What can I say? 2019 has been an eventful year for botnet operators. We have seen everything from large scale take-downs that target those that host malicious services to new and improved attack vectors. While the attack landscape continues to grow at a rapid rate for botherders, we really need to sit down and start considering the risk associated with the cloud and IoT devices in 2020.
In general, a botnet is a network of compromised devices that have become infected with malware, allowing an attacker to control the devices. BotHerders control these infected devices through covert channels, issuing commands to the devices to perform malicious activities such as launching distributed denial of service (DDoS) attacks, sending malicious spam or information theft.
When it comes to botnet’s that launch denial of service attacks, Mirai and its variants still dominate the landscape. Mirai was discovered in 2016 by MalwareMustDie and originally targeted SSH and Telnet protocols by exploiting defaults or hardcoded credentials. Mirai, its variants and other botnets have evolved over the last three years and now leverages multiple exploits that target both residential and enterprise devices.
Botnets that send Malspam are still one of the most popular and effective methods for delivering phishing emails in bulk that contain or link to infected documents. These campaigns are designed to commit fraud via information theft and typically leverage modular trojans like Emotet and Trickbot. If the user opens the document, their computer will become infected. After infection, the malware will quickly begin harvesting and extracting data from the victim’s device for fraudulent purposes. Some trojans even have modules that allow the botnet to grow by spreading and infecting other devices.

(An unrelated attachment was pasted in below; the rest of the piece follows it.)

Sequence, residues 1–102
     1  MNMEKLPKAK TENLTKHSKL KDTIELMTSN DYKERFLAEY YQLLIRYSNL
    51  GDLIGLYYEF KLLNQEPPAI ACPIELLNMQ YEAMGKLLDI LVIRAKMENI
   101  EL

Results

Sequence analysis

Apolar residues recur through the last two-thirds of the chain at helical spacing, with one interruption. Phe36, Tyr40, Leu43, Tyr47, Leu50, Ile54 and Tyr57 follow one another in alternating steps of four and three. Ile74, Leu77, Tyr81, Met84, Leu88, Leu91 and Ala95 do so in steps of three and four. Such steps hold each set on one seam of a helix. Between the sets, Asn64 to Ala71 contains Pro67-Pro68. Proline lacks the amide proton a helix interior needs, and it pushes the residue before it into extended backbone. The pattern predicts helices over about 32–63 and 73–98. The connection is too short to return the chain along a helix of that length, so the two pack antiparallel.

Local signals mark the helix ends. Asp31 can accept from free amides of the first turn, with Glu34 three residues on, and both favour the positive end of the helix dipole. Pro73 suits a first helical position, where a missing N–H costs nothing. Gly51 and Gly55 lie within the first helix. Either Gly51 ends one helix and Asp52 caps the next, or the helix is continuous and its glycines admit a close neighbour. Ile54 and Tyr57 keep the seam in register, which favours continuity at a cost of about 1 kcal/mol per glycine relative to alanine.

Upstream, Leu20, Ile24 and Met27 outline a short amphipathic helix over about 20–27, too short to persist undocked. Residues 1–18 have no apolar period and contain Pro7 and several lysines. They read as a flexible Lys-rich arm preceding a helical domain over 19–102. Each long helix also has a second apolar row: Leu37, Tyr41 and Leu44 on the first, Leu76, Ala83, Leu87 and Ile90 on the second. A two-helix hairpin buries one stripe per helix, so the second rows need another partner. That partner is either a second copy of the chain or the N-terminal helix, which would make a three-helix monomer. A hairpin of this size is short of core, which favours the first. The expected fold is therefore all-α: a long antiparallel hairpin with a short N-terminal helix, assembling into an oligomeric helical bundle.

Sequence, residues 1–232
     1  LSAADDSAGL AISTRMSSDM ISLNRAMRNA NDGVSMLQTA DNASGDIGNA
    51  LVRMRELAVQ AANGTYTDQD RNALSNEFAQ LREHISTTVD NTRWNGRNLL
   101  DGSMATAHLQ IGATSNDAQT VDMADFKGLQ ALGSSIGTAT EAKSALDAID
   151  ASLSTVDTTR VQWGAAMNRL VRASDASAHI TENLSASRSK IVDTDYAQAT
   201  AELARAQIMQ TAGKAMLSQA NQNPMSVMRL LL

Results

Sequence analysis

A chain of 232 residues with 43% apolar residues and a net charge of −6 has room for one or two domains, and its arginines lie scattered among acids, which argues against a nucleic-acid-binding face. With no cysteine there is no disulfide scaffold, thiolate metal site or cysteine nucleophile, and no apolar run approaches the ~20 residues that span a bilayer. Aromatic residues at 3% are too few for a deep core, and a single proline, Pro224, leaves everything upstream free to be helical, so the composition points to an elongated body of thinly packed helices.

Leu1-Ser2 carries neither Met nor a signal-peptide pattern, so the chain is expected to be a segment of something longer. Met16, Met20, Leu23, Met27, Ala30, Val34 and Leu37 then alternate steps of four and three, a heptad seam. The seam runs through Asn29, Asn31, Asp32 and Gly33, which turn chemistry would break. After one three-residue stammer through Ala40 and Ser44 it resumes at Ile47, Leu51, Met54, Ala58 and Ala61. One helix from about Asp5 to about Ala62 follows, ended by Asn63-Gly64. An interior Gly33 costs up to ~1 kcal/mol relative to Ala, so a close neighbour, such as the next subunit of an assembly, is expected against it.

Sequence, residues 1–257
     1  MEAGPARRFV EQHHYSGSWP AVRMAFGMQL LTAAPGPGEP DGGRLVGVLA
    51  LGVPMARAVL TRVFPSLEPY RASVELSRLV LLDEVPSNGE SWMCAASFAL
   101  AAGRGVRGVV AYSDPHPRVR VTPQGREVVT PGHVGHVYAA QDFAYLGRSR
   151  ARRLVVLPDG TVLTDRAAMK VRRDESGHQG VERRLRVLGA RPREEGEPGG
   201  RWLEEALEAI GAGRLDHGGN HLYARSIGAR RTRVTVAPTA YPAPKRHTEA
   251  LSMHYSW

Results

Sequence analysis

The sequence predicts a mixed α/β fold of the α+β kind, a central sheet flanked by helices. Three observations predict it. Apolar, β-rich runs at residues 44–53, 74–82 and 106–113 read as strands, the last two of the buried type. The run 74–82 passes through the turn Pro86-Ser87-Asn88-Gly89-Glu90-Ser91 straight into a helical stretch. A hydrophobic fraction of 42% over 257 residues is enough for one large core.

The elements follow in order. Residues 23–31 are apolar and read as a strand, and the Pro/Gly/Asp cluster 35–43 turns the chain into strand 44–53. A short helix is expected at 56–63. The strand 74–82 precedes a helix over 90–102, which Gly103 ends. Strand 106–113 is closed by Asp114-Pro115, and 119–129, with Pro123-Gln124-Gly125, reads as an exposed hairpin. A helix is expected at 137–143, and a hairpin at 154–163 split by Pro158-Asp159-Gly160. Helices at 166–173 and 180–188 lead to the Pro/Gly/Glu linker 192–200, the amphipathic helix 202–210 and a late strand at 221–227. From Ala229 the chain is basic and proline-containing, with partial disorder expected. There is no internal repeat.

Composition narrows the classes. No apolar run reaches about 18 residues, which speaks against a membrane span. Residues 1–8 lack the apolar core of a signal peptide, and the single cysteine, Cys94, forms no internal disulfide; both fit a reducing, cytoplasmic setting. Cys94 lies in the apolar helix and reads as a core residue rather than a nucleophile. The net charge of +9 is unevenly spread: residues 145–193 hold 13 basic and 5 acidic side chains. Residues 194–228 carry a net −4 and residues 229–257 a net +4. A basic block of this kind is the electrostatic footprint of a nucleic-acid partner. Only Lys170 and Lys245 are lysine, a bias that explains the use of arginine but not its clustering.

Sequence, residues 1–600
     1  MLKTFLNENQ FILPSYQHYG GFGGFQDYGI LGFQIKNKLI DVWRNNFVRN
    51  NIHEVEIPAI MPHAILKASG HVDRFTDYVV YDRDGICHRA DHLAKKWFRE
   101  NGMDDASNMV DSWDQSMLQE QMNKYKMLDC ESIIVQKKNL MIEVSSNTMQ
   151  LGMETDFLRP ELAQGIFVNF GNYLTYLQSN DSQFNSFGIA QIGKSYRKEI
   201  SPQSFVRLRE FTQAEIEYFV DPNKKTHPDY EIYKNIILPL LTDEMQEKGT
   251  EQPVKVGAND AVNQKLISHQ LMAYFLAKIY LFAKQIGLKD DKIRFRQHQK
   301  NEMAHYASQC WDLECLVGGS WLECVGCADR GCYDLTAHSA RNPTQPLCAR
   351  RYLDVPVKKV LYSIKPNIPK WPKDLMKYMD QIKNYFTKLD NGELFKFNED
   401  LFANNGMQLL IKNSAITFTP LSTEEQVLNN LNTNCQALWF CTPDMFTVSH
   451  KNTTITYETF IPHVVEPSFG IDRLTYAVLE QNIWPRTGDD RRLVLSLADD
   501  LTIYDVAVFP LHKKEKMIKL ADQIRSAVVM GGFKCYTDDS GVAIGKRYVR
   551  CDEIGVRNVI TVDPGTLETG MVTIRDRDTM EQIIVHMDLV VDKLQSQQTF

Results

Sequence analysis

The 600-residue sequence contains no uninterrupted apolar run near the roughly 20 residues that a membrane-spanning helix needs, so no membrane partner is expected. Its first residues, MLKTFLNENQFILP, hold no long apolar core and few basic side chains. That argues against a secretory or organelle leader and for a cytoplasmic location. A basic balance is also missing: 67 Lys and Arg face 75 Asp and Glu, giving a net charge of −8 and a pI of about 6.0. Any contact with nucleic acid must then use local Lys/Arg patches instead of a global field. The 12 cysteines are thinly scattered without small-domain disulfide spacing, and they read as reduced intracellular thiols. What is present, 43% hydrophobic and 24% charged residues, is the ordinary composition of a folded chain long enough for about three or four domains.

Botherders looking to carry out denial of service attacks continue to leverage residential and enterprise devices to build massive botnets, but at the same times they are also searching for new attack vectors to employ within their botnets so they can effectively carry out crippling network attacks.
One of the more notable attack vectors from this year was the announcement regarding the Web Services Dynamic Discovery (WSD) protocol and how it can be abused to launch amplified DDoS attacks. Another newly discovered vector of attack this year included the abuse of macOS’s Apple Remote Management Service (ARMS).
This year we also saw botherders chaining trojans together to maximize their efforts in Malspam campaigns. Criminals are aware that their malspam campaigns are very loud and noticeable. They are also aware there is a booming industry related to pay-per-infection or Malware-Delivery-as-a-Service. As a result, criminals are looking to monetize anything they can while inside the infected device.